Collin, A.; Calle, C.; James, D.; Costa, S.; Maquaire, O.; Davidson, R., and Trigo-Teixeira, A., 2020. Modelling 2D coastal flooding at fine-scale over vulnerable lowlands using satellite-derived topobathymetry, hydrodynamic and overflow simulations. In: Malvárez, G. and Navas, F. (eds.), Global Coastal Issues of 2020. Journal of Coastal Research, Special Issue No. 95, pp. 1052-1056. Coconut Creek (Florida), ISSN 0749-0208.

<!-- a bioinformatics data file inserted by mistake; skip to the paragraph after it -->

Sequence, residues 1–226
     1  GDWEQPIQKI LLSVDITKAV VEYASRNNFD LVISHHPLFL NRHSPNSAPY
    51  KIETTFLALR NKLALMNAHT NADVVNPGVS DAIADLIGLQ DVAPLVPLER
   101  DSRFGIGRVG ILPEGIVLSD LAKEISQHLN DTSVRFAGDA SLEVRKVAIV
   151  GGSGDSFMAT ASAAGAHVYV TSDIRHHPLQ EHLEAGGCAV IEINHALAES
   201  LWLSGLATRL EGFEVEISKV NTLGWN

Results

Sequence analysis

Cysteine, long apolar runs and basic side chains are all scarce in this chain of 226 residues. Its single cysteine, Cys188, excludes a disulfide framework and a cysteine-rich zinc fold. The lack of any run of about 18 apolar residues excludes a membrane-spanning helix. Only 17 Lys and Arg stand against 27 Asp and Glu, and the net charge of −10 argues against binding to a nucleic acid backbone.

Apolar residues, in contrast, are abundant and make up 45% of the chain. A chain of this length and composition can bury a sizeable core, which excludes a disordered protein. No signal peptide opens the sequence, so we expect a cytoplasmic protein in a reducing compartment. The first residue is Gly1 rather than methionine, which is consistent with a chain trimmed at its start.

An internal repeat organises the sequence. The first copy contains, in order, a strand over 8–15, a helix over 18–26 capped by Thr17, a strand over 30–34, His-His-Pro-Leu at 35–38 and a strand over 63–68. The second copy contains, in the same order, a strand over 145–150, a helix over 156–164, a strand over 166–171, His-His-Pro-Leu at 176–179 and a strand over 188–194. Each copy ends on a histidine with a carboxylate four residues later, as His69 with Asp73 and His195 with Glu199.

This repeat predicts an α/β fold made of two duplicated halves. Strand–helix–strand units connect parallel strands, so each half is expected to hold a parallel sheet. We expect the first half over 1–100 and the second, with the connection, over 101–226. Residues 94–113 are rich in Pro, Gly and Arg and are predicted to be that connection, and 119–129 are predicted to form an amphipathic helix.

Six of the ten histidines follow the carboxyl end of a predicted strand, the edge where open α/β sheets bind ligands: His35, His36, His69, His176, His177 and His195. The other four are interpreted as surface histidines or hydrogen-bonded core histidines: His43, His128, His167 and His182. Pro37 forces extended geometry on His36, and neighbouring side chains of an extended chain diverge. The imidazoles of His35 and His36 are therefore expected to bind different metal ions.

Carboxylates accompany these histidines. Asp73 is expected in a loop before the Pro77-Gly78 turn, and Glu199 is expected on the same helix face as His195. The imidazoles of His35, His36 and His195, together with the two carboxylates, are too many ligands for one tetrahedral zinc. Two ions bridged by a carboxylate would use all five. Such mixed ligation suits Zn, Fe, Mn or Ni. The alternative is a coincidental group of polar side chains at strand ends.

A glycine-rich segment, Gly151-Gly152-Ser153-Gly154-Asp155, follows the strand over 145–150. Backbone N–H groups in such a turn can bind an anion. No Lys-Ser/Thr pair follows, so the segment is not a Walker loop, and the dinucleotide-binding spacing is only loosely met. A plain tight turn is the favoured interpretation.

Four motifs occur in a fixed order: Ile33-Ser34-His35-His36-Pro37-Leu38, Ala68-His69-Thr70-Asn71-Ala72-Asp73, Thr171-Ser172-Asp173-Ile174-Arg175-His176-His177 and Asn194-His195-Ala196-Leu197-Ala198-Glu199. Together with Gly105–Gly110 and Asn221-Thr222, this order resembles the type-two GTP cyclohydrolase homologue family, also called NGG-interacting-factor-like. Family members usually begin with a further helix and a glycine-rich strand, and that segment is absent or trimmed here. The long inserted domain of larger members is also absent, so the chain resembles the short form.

Flooding simulation across shallow waters and lowlands has been successful for the diagnosis and prognosis of the submerged land areas during extreme sea water levels. However this method is traditionally implemented to linear transects (1D) of discretely-measured topobathymetry or medium-to-coarse-grained 2D modelling. This research aims at mapping the coastal flooding risk at very high spatial resolution (1 m) by simulating hazardous cyclonic waves on exposed lands and vulnerable buildings using a combination of satellite-derived topobathymetry, wave transformation and overflow modelling. Applied to the Rangiroa Atoll (French Polynesia), the topobathymetry mapping resulted from the merging of the topography derived from the Pleiades-1 stereo-photogrammetry (R2=0.84) and bathymetry retrieved from the Pleiades-1 radiative transfer modelling (R2=0.71). Associated with the exposure index, the wave simulation of the 1983-cyclone Orama-Nisha produced hazardous heights of 1.78 m before the swash area, what enabled the lowlands' submersion to be mapped. Focused on churches and houses' vulnerability, the standardized flooding risk has been mapped at 1 m, accurately informing the near-future planning for this atoll area.